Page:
OPETH

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TARTAREAN DESIRE WEBZINE

This live interview with front man Mikael Åkerfeldt from Opeth was done by Sam Warren on February 28th, 2004, at their show at the Palladium in Worcester, Massachusetts, USA, together with Moonspell and Devildriver.

All right, so we’re here with Opeth, and Mikael Åkerfeldt.
Yep…

So how’s the tour been so far?
It’s been very good, we’ve done 6 or 7 weeks on this tour I think, and most of the gigs have been packed with people that seem to appreciate our stuff.

Are you getting accustomed to the crazy reaction you get in the states? I know initially you were surprised by it.
Yeah, yeah well you’re always surprised when you play in a country that you’ve never played before. If you’ve got a reaction at all, or if people are coming, that kind of stuff. But now it’s just… we’ve been here so many times the last couple of years it’s not surprising anymore. Where we play, regardless of whether they’re 200 people in there, or 2,000 people, it’s always good.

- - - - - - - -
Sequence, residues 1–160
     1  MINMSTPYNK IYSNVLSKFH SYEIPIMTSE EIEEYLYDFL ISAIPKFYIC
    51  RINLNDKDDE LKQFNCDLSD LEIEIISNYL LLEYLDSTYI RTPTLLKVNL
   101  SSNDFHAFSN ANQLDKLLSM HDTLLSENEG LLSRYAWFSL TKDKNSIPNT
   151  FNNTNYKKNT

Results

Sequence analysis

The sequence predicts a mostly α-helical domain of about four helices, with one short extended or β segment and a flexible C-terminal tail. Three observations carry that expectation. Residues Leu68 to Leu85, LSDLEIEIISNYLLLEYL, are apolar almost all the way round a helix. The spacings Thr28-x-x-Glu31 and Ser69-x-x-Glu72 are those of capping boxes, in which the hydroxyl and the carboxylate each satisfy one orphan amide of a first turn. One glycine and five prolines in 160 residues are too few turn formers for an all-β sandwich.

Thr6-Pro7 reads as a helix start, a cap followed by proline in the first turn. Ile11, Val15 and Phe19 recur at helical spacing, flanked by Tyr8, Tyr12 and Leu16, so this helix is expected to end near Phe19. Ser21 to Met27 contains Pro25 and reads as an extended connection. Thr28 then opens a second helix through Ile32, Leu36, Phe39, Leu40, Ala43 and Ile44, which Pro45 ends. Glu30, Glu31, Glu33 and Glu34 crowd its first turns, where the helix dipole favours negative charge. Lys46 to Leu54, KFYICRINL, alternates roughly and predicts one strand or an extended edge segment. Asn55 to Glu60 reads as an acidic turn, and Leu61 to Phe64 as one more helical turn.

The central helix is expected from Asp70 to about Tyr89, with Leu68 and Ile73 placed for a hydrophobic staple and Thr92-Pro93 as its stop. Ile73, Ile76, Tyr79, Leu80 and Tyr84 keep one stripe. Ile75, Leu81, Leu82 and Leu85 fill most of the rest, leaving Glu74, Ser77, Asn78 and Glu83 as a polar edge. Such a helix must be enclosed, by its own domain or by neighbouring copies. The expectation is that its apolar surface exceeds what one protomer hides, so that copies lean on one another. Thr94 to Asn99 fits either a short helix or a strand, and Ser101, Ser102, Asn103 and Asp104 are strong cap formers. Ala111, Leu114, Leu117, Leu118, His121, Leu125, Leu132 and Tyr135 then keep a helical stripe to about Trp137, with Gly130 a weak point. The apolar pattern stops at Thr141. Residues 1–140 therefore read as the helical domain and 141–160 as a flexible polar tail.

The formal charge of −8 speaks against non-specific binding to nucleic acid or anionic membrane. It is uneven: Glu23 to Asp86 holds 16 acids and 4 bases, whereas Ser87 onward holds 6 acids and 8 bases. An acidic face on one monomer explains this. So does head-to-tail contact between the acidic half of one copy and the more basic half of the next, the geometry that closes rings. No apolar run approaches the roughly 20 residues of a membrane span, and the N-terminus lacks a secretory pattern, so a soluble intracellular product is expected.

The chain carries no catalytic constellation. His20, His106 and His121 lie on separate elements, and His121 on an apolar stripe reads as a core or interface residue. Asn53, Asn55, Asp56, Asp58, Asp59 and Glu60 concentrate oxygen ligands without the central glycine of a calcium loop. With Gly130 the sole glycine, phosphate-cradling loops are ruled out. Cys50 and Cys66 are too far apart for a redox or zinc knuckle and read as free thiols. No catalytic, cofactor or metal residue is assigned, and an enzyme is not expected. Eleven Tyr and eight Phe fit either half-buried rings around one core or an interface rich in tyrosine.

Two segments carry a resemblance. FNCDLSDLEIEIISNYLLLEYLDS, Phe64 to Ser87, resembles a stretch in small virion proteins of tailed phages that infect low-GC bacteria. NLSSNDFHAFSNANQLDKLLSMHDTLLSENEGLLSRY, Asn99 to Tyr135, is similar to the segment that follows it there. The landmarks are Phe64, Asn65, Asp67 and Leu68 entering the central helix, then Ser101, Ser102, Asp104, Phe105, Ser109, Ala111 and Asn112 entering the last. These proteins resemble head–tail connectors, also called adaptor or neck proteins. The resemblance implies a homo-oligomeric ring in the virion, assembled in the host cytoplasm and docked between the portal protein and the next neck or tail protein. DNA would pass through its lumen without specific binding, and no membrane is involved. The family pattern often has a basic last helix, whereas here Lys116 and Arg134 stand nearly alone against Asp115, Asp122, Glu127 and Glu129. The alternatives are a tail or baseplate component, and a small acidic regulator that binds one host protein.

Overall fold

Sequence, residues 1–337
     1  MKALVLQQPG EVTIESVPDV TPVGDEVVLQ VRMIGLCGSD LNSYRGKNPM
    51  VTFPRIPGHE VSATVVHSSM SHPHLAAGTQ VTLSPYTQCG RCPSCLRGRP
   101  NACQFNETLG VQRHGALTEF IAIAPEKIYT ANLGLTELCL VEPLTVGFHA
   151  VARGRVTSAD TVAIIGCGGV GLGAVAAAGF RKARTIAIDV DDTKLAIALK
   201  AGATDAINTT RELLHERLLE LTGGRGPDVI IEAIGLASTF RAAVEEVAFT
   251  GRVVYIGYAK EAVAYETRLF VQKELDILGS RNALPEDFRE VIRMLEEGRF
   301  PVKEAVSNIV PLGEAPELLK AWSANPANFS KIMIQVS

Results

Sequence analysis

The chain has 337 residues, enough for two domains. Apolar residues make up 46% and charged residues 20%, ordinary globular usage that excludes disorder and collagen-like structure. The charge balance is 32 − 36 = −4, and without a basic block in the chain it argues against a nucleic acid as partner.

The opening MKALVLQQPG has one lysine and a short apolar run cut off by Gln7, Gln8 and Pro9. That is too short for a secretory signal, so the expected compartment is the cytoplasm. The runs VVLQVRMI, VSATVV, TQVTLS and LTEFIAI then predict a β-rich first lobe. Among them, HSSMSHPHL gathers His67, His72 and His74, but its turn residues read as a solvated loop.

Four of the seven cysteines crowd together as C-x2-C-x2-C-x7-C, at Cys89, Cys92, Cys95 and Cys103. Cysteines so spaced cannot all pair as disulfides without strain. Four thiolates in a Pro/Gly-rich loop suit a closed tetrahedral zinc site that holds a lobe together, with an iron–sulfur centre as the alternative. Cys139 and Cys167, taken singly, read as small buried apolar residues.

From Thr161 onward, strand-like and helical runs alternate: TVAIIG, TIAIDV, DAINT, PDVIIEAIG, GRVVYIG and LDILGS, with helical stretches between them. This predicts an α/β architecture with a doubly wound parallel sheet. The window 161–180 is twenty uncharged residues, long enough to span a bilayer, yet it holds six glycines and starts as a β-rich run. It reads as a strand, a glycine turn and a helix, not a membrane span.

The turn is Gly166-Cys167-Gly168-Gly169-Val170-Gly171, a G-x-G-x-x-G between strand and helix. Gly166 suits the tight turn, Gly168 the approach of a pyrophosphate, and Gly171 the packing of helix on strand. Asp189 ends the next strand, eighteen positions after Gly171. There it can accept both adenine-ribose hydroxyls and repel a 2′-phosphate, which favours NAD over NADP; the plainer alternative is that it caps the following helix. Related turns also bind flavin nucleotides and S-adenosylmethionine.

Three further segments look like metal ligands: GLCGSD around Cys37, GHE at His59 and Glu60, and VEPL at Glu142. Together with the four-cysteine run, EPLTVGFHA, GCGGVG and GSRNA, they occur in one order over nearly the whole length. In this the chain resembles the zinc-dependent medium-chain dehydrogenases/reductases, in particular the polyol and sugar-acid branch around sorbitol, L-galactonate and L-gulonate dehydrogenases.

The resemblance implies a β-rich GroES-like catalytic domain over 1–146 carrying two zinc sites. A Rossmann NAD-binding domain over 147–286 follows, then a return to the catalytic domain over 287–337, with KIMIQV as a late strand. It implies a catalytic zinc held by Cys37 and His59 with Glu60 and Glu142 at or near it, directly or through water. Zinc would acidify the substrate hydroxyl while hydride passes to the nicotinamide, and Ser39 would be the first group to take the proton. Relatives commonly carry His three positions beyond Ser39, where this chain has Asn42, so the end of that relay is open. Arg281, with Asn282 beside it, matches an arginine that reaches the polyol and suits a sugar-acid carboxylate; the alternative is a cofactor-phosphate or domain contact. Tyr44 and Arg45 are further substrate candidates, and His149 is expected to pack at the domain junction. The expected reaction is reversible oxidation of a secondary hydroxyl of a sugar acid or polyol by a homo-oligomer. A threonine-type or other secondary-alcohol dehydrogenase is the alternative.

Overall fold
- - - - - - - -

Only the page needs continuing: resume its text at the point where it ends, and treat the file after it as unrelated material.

Yeah, I heard you talking in an interview about how it’s a lot more violent in the crowds here (US) sometimes?
Oh especially here in Worcester. The mosh pit here is the most insane thing I’ve ever seen. Maybe not for us, but you know, when we played the hardcore metal fest, it was insane.

What are your feelings about Moonspell and Devil Driver?
I really like them you know, but I’ve never been a big fan of either of them. I mean, I’ve never really heard of them before the tour. Like Moonspell, I’d only heard a couple of albums or something. But they’re great people and we’ve had a fucking blast touring with them.

Have you noticed any difference in the crowd since the release of Damnation? It’s obvious that the majority of your fans really enjoyed it, but do you think that maybe you gathered a notable large crowd of unexpected listeners?
Yeah, you know, we have a considerably wider age difference in the crowd. We’ve got people from ten year olds up to sixty or so. So yeah, definitely all sorts of people are coming to the shows now.